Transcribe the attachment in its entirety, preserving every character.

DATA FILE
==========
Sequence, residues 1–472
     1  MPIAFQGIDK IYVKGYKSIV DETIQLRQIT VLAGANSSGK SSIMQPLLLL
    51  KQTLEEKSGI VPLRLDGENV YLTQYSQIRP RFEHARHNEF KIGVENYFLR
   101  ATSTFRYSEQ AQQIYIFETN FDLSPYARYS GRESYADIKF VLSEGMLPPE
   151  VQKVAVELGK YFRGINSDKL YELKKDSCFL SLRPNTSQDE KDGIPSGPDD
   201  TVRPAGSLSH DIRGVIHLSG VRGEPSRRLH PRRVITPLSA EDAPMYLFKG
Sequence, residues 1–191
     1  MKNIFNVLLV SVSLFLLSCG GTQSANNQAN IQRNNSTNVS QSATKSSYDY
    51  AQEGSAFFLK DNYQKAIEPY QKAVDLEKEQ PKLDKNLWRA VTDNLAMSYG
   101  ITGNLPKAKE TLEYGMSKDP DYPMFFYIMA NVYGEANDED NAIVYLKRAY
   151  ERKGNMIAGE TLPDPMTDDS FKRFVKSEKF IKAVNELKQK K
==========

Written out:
Sequence, residues 1–472
     1  MPIAFQGIDK IYVKGYKSIV DETIQLRQIT VLAGANSSGK SSIMQPLLLL
    51  KQTLEEKSGI VPLRLDGENV YLTQYSQIRP RFEHARHNEF KIGVENYFLR
   101  ATSTFRYSEQ AQQIYIFETN FDLSPYARYS GRESYADIKF VLSEGMLPPE
   151  VQKVAVELGK YFRGINSDKL YELKKDSCFL SLRPNTSQDE KDGIPSGPDD
   201  TVRPAGSLSH DIRGVIHLSG VRGEPSRRLH PRRVITPLSA EDAPMYLFKG
Sequence, residues 1–191
     1  MKNIFNVLLV SVSLFLLSCG GTQSANNQAN IQRNNSTNVS QSATKSSYDY
    51  AQEGSAFFLK DNYQKAIEPY QKAVDLEKEQ PKLDKNLWRA VTDNLAMSYG
   101  ITGNLPKAKE TLEYGMSKDP DYPMFFYIMA NVYGEANDED NAIVYLKRAY
   151  ERKGNMIAGE TLPDPMTDDS FKRFVKSEKF IKAVNELKQK K